Cooking With Mother: Kimchi (김치) and Ggakdugi (깍두기)

Mother taught me how to make kimchi “the lazy way.” We made very easy, no-frills kimchi and radish kimchi together. Here’s what we did, step-by-step.

Cut

Napa Cabbage

Daikon

Kimchi/김치: Traditionally, napa cabbage kimchi (general old “kimchi”) is only cut in halves or fourths and is stuffed with the pepper materials in between each layer. However, Mother taught me “the lazy way,” which is how she generally makes it. Cut the cabbage into pieces.

Ggakdugi/깍두기: If making daikon kimchi, peel and then cube.

Salt

Salted Cabbage

Kimchi and Ggakdugi: Generously salt using coarse sea salt or coarse kosher salt. Salt in layers and leave for a few hours, so water is released.

Season

Gochu (Red Pepper Flakes)

Daikon Radish

Kimchi

Kimchi: After a few hours, rinse the cabbage well several times so that the salt is removed. Add a generous helping of minced garlic, some chopped up scallions, some julienned radish, and oligoldang.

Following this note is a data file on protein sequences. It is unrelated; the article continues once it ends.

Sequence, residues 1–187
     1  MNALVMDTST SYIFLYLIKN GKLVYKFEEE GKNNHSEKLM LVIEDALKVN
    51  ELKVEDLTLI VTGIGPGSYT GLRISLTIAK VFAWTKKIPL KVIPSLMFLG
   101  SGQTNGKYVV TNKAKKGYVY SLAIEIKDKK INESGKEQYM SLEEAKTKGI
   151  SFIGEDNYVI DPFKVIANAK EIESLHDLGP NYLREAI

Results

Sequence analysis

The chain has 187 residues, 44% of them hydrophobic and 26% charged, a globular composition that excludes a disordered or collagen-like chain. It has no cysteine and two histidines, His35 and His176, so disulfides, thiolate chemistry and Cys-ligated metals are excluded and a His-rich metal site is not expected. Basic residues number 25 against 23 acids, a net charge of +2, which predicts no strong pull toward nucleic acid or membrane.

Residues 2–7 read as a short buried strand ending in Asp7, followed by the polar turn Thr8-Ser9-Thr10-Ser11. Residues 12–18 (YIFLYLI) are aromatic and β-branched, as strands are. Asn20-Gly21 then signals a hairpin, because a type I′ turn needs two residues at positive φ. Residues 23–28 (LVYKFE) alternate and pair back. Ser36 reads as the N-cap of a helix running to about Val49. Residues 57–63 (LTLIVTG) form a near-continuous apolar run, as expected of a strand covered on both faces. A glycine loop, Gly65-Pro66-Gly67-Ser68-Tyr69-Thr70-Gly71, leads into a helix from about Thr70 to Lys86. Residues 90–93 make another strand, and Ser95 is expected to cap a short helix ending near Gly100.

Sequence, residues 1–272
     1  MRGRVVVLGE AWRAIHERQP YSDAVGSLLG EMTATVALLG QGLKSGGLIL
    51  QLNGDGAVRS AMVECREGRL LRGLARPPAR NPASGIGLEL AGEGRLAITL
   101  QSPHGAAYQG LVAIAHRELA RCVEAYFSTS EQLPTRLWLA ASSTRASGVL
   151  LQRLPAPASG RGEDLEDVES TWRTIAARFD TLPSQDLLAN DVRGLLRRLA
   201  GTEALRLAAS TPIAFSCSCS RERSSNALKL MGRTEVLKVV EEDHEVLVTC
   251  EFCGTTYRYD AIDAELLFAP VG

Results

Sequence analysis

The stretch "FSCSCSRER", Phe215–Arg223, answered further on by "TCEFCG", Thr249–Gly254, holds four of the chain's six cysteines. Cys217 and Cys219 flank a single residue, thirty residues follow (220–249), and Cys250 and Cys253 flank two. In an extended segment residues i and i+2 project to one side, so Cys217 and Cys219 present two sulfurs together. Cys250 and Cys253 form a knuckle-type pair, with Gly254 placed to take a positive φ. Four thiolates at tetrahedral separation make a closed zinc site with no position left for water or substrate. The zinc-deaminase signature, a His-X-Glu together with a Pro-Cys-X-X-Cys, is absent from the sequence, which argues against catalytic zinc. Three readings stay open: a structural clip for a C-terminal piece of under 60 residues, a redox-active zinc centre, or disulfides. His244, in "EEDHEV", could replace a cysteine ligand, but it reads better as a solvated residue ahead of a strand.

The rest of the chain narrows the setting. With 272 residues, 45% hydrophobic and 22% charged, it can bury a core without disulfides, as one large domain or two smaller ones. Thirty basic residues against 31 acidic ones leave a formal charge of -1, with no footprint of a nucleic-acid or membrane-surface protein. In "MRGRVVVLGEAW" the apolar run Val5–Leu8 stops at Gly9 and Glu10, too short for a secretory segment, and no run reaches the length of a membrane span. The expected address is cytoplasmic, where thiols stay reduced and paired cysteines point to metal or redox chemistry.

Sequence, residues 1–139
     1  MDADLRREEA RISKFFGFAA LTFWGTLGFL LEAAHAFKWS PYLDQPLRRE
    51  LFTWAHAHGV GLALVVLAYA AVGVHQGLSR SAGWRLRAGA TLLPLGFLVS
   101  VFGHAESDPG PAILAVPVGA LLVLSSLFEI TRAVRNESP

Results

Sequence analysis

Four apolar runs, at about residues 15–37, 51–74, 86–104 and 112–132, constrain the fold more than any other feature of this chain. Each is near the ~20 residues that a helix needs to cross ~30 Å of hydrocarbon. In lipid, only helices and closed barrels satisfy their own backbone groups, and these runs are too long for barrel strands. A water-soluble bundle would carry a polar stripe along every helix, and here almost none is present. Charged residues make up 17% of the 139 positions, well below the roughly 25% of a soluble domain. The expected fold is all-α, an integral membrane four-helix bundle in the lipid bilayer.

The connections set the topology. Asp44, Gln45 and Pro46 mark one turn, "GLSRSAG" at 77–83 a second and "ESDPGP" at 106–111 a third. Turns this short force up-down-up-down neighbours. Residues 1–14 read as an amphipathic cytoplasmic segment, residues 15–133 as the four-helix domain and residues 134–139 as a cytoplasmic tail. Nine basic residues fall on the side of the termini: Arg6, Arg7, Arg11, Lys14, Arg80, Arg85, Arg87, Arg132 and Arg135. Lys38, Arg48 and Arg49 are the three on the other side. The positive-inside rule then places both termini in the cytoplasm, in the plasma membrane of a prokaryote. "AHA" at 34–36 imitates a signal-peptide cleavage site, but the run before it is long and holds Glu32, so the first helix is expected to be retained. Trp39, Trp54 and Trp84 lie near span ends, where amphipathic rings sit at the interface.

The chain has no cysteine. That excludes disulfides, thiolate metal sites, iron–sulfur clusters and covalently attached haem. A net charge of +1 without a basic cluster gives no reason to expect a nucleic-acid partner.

Oli-what?

Oligoldang

This bottle is rice oligoldang. I have absolutely no idea what that means. It’s basically a rice syrup. Mother also used it on pancakes instead of maple or pancake syrup. We were able to find that exact same brand and syrup at our local Korean market, but if you can’t, substitute a couple of tablespoons of sugar.

A Palm of Oligoldang

Kimchi

Ggakdugi: Mother seasoned the ggakdugi differently. She threw a (eww, gross, gross) handful of baby shrimp in the bowl first. Then she added pepper and a little oligoldang.

Shrimp, Complete with Eyes

Ggakdugi

Packing

Finally, Mother packed the two versions of kimchi into plastic containers before storing them in her kimchi fridge.

Finished Kimchi

Results

These were really basic versions of kimchi. I’ll probably try making these myself first, before playing with adding different things (carrots, oyster sauce, etc). They tasted good as-is, though!

Mother said it was important for women to know how to make kimchi, but too many young women don’t know how. I asked her if Sister knew how. “No,” she said, “but she must learn before she gets married.”